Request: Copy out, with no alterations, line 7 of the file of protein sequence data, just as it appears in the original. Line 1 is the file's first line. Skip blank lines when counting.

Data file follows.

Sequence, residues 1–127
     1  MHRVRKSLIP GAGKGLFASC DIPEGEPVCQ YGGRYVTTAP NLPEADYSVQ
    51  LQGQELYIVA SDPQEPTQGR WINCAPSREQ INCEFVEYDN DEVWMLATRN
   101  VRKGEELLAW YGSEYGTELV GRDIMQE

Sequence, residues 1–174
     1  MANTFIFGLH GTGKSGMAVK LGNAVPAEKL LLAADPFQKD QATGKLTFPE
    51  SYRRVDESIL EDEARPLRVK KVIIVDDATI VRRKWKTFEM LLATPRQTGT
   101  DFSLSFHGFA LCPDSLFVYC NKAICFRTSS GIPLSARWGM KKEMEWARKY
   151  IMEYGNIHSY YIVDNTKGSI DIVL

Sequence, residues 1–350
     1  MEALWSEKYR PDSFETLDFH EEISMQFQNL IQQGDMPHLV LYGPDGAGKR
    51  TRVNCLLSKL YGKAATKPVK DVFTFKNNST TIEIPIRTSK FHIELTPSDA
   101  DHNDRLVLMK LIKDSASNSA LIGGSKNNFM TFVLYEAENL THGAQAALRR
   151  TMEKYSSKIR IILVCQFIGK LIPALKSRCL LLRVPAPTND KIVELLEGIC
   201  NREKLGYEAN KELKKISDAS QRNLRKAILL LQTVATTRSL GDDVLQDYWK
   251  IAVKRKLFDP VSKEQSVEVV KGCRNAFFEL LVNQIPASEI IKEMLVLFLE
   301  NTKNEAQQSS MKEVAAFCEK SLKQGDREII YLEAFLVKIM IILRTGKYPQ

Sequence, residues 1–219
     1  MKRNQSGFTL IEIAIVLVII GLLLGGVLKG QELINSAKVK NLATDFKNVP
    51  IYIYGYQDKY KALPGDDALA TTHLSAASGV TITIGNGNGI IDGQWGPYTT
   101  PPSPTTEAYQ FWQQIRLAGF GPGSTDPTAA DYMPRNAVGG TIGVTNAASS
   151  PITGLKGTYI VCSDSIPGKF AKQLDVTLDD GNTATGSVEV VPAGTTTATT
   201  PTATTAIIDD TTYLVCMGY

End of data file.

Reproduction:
    51  SYRRVDESIL EDEARPLRVK KVIIVDDATI VRRKWKTFEM LLATPRQTGT